As America celebrates its Independence this week, it seems only right to consider the most far-reaching questions raised by Illinois’ crisis:
Did the Founding Fathers miss something? Did we miss something the Founders stood for? Is our form of democracy fundamentally flawed?
The importance of those questions is part of why Wirepoints exists, and why we hope other states follow Illinois’ story.
Illinois inherited assets most states and nations would envy. Its GDP remains larger than all but fifteen countries of the world. More importantly, it inherited constitutional self-government.
But it’s failing.
Illinois is bankrupt. The state and many of its towns and cities sink further into insolvency each day — the facts and numbers are irrefutable. Illinois government is morally bankrupt as well. Its moral insolvency is less quantifiable but no less apparent. Graft, both legal and illegal, is exposed incessantly, usually to no end. Scandal fatigue overtook the state long ago. Numbed voters left politicians free to do little good and plenty wrong. Not a single major reform, fiscal or otherwise, is currently under serious consideration in Illinois.
How can a democracy have done this to itself?
The reasons are myriad. Many are debatable. Some are particular to Illinois. Most of the 20,000 articles we’ve linked to or written on this site are about those reasons.
But on the overarching question of universal importance - whether Illinois has exposed some fundamental flaw of democracy - the story hasn’t ended. Nobody knows how Illinois’ crisis ultimately will sort out, but there is reason for qualified, partial optimism, albeit over a long time with much pain in the interim.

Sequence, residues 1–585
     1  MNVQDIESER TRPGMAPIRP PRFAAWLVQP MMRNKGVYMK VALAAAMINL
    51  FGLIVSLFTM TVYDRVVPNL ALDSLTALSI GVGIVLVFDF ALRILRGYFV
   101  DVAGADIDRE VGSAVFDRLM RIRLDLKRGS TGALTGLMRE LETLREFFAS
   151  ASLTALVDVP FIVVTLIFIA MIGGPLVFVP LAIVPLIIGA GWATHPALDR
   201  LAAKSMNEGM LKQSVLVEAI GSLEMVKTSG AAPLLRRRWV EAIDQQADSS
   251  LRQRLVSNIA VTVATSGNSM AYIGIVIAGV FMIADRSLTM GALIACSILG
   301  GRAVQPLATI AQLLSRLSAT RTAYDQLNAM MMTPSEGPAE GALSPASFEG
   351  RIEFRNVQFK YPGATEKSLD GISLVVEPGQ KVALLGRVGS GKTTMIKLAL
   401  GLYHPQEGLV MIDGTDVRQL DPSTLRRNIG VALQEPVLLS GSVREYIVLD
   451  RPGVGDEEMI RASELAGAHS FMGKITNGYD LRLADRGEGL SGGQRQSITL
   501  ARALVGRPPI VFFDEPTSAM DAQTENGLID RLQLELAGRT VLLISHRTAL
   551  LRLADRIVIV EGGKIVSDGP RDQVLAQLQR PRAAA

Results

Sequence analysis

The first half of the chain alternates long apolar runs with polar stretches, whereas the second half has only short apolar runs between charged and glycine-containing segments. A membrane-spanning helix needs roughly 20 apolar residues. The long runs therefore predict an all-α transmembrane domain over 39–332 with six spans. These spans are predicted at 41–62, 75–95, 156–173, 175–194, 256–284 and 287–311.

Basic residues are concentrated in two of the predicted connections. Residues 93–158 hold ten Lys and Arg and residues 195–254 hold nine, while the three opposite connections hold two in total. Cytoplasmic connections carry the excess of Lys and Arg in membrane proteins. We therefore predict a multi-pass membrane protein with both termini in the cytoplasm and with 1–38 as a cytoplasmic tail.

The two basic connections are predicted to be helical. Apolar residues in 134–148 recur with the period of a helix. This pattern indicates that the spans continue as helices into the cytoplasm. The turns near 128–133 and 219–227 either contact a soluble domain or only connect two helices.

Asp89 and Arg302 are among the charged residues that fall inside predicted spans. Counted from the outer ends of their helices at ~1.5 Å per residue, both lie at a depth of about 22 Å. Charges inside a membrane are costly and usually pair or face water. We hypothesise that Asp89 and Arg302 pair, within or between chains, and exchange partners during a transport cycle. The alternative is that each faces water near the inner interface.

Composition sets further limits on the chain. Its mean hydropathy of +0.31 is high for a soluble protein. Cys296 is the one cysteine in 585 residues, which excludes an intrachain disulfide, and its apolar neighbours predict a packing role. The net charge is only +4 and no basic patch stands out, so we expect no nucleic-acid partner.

That optimism derives from the likelihood that much of our crisis will be resolved in courts — federal courts exercising their place in the federal system we inherited — and the hope that those courts will honor the foundational principles of American government. The Founders’ foresight, not their failure, perhaps may yet shape Illinois’ history. Perhaps.
The initial questions that might end up in the federal courts have already gotten some attention. If Illinois amended its constitution to delete its pension protection clause, would the United States Constitution’s Contract Clause still prohibit pension reform? Could the federal Bankruptcy Code be amended to allow bankruptcy for states? Could some other form of federal legislation authorize adjustment of pension obligations? And if Illinois eventually authorizes bankruptcy for municipalities, which is probably unavoidable at some point, many questions about that process remain unanswered by courts.